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APPEALS - Grounds - Question of law

Wednesday, June 12, 2019 @ 8:14 AM  


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Appeal by Trinchi from his conviction for voyeurism. Trinchi and the complainant were in an intimate relationship between March 2010 and September 2011. Trinchi lived in Toronto and the complainant lived in Thunder Bay so they often engaged in Skype video conversations via computer. Sometimes the complainant willingly appeared nude before the computer in sexually provocative poses. On some of the occasions, Trinchi took screenshots of the naked complainant and saved them on his computer. The complainant testified that she understood that her image was being captured as video and streamed over the Internet to Trinchi but that she did not know he was taking screenshots and preserving nude images of her. After the complainant ended the relationship, emails with nude photos of her were emailed to many people. Those photos were the screenshots taken by Trinchi during their video chats. Trinchi was charged with six offences arising from the distribution of the photos. He was also charged with voyeurism for taking the screenshots in the first place. Trinchi did not testify at trial but led evidence that another girlfriend had the motive, opportunity, and propensity to distribute the nude photos of the complainant. That evidence raised a reasonable doubt for the trial judge. Trinchi was acquitted of the six charges relating to the distribution of the nude photos but he was convicted of voyeurism. Trinchi took the position that the complainant did not have a reasonable expectation of privacy as she had willingly posed nude in the video chat, knowing she was doing so before a camera. He also submitted that the trial judge erred in law by finding that he acted “surreptitiously.”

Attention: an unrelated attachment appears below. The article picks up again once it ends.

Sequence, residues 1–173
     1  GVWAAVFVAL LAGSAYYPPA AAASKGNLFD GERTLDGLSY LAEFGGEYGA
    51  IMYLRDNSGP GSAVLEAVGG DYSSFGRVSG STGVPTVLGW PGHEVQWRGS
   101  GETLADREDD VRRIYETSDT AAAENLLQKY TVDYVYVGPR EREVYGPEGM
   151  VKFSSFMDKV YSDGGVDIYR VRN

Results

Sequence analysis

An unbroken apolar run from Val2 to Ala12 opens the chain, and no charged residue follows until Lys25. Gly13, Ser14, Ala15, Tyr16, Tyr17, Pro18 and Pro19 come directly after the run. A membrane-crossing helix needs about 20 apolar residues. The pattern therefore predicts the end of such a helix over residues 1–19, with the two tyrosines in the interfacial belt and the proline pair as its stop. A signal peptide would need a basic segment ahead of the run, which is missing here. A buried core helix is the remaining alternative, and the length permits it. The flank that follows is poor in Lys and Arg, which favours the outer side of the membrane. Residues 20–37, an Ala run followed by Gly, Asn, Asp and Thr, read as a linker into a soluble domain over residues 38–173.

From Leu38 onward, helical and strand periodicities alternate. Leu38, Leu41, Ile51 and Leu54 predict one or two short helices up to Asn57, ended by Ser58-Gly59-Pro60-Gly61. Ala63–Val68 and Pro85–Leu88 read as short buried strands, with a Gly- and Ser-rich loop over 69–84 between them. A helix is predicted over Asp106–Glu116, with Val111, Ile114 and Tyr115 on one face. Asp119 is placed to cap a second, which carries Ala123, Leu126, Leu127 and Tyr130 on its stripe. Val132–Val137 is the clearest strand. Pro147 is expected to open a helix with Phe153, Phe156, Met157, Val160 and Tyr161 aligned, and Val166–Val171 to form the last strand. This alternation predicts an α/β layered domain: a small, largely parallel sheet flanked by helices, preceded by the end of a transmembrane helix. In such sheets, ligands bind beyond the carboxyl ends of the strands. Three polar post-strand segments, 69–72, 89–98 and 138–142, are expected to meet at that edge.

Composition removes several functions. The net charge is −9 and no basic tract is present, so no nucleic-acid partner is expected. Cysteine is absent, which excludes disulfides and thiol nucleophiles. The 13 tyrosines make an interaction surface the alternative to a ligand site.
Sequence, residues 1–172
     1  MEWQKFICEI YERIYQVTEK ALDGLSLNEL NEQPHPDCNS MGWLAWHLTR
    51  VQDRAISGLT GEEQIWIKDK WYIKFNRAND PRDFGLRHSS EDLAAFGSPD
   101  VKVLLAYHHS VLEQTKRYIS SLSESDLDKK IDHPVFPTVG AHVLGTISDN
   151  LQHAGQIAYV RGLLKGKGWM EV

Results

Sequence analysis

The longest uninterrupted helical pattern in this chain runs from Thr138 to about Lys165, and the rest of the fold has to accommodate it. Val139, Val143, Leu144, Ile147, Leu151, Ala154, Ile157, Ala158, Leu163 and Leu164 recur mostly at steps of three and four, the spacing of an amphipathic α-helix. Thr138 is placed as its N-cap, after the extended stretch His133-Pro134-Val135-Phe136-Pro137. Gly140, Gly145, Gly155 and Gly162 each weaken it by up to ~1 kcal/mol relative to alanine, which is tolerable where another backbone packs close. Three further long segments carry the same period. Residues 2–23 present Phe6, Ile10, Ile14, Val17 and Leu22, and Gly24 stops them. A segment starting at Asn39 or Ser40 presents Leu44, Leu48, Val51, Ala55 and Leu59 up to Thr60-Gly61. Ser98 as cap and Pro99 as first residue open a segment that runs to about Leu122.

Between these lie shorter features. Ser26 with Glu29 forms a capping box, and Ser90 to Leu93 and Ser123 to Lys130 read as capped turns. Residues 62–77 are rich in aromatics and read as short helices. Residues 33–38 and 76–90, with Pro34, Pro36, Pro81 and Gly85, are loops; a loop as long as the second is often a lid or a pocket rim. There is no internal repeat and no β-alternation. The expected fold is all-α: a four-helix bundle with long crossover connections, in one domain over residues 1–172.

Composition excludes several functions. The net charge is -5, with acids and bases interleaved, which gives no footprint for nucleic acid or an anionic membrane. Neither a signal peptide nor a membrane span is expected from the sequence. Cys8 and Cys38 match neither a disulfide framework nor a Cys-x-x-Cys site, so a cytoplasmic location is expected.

HELD: Appeal dismissed. The complainant had a reasonable expectation that Trinchi would not take screenshots of their consensual sexual activity. While she necessarily expected to be observed by Trinchi in the live-streamed video, she did not expect that he would make a permanent recording of her naked. The complainant was entitled to reasonably expect that Trinchi would not record their sexual activities without her consent. The mental state required by the word “surreptitiously” in s. 162(1) of the Criminal Code was the intent that the subject not be aware that she was being observed or recorded. The facts supported the trial judge’s inference that Trinchi intended for the complainant not to know he was taking screenshots of her.

R. v. Trinchi, [2019] O.J. No. 2278, Ontario Court of Appeal, R.G. Juriansz, S.E. Pepall and P.D. Lauwers JJ.A., May 2, 2019. Digest No. TLD-June102019007